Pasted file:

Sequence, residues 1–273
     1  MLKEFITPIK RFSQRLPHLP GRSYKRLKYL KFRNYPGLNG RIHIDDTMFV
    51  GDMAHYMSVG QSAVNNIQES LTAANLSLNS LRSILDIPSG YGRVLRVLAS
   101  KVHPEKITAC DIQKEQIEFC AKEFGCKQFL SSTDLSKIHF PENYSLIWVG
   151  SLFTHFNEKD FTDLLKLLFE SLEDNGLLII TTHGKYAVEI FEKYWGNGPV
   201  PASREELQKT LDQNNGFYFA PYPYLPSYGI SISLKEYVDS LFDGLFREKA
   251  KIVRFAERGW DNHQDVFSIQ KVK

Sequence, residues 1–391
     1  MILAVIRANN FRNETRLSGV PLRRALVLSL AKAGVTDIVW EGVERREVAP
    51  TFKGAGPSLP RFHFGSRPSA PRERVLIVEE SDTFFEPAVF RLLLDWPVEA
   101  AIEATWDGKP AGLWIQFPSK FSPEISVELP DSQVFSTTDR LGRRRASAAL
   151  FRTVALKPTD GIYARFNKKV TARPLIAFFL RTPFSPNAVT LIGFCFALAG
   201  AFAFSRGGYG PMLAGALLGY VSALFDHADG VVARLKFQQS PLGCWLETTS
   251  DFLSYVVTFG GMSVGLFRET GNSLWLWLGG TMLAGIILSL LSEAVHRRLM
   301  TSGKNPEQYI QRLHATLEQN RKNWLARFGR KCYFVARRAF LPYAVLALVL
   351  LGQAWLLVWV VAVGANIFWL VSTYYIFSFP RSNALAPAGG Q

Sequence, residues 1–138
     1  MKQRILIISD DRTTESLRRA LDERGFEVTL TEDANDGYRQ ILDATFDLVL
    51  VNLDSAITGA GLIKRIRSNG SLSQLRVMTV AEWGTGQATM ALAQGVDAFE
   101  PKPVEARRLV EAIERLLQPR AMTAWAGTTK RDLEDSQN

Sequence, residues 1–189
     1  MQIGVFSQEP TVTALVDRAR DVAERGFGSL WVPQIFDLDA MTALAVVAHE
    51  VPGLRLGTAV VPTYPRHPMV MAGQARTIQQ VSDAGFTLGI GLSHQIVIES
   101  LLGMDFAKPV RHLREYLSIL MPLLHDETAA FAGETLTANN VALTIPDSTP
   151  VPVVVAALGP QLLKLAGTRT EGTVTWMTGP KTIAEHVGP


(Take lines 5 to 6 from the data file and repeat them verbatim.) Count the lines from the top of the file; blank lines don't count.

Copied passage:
   151  SLFTHFNEKD FTDLLKLLFE SLEDNGLLII TTHGKYAVEI FEKYWGNGPV
   201  PASREELQKT LDQNNGFYFA PYPYLPSYGI SISLKEYVDS LFDGLFREKA